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New review outlines screening strategies for osteoporosis in young adults
Date:6/19/2012

Nyon, Switzerland June 15, 2012 -- Much of the research defining osteoporosis and fracture risk has focused on older adults, i.e. postmenopausal women and men over the age of 50. While older adults are at highest risk of osteoporosis and related fractures, the disease can also affect younger adults between 20 and 50 years of age. However, the diagnosis and management of osteoporosis in young adults is complicated by special challenges, including a complex pathophysiology and the related fact that there is no clear definition of osteoporosis, or of intervention thresholds, in this age group.

An International Osteoporosis Foundation (IOF) scientific working group has now published a review which outlines the pathophysiology, diagnosis and management of osteoporosis in young adults, providing a clear screening strategy that includes the use of clinical and laboratory exams.

Dr. Serge Ferrari of the University of Geneva andchair of the IOF Working Group on Osteoporosis Pathophysiology, explains the diagnostic challenge faced by clinicians, "Low bone mass in this age group may not necessarily represent a pathological condition, but result instead from low peak bone mass in relation to body size, late puberty, or genetic and environmental background."

On the other hand, there are young adults who may truly have osteoporosis with bone fragility at a young age. This may result from altered bone modelling and/or remodelling during growth or later due to a chronic disorder or a genetic or idiopathic condition. Typical examples would be inflammatory bowel diseases, particularly Crohn's disease. These diseases impair bone mass gain and/or accelerate bone loss because of malabsorption and poor nutrient intake. In addition, low levels of physical activity, secondary amenorrhea, and in many cases the effects of corticosteroid treatment, can have an impact on bone mass.

Distinguishing between these two situations can be all the more difficult because up to 30% of young women and 50% of young men have had fractures during childhood and adolescence, usually traumatic. These are not necessarily associated with skeletal fragility.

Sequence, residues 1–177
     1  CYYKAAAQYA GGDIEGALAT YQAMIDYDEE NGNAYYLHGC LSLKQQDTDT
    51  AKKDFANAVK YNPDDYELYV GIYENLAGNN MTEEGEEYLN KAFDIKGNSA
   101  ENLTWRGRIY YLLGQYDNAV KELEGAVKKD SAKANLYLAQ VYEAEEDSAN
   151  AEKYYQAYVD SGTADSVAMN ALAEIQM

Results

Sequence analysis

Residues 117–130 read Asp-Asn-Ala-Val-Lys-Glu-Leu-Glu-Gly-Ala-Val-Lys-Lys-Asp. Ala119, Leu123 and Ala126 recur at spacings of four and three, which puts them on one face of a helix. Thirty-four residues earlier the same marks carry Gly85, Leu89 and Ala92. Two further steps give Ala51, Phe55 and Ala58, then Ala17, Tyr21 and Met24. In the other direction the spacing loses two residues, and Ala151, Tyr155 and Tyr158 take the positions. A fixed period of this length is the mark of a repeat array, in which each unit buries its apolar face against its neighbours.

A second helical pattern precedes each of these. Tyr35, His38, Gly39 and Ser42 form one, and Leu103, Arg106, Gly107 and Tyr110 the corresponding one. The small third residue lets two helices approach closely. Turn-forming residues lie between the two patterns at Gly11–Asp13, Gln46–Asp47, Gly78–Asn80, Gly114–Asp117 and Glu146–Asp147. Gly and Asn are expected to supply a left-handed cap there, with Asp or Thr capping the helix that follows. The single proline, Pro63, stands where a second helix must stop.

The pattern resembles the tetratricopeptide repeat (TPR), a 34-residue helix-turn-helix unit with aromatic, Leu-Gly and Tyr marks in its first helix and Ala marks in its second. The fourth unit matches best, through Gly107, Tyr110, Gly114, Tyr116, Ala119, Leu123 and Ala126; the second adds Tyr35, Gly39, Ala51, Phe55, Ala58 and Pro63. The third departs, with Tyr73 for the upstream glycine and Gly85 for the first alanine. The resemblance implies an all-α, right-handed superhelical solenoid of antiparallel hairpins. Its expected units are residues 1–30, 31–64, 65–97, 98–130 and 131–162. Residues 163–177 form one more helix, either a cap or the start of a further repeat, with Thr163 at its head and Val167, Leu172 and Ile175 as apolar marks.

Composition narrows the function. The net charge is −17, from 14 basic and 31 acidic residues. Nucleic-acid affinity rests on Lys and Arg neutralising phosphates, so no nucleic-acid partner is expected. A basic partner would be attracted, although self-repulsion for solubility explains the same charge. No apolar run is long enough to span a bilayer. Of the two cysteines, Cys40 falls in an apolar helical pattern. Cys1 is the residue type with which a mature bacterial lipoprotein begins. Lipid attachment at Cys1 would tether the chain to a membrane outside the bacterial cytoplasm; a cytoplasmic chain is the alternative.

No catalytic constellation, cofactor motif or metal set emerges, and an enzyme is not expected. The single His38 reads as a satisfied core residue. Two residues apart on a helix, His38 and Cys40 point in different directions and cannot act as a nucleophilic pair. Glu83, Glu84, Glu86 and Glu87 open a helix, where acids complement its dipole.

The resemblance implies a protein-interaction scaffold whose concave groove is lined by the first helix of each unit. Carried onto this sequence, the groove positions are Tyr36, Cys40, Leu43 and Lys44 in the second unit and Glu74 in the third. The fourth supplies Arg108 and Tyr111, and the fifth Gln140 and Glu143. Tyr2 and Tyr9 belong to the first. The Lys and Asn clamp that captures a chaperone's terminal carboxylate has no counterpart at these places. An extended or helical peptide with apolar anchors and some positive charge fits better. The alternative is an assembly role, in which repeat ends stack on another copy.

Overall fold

An apparently low areal bone mineral density (T-score < -2.5 at spine or hip by DXA) must be interpreted with caution in young adults of small body size (constitutionally lean) and/or stunted growth. Inaccurate 'diagnosis' of osteoporosis in young subjects can lead to anxiety, unnecessary drug prescriptions, and in some countries potential restrictions of insurance coverage. Individuals with low bone mass, although possibly deserving investigation depending on the context (for instance to rule out vitamin D deficiency) should not automatically be classified as osteoporotic. This diagnosis only applies when there is evidence of skeletal fragility.

Nevertheless, a truly low BMD and/or unusual fractures (such as low-trauma, multiple and vertebral) should prompt investigation for secondary causes of osteoporosis. Careful medical history, clinical and laboratory investigations can reveal an underlying disease that requires specific medical intervention, which in turn will improve bone mass. Bisphosphonates may improve BMD in young subjects with osteoporosis due to various disorders, however the evidence is scarce so far and there are no data on their anti-fracture efficacy. In any case, the indications and duration of anti-resorptive treatment in the young should be as restrictive as possible, particularly in the absence of secondary causes, multiple and/or fragility (vertebral) fractures, and high bone turnover accompanied by documented bone loss.

Professor Cyrus Cooper, chair of the IOF Committee of Scientific Advisors, concluded, "This review will be of assistance to clinicians managing this important problem. The clinical relevance of low bone mineral density in young adults is less well understood than is the case in postmenopausal women and older men. Furthermore, many treatment modalities licensed for use in postmenopausal osteoporosis have not been carefully evaluated in younger adults. Clear guidance as to the interpretation of BMD and the appropriate use of treatments is therefore most timely."


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Contact: L. Misteli
info@iofbonehealth.org
41-229-940-100
International Osteoporosis Foundation
Source:Eurekalert

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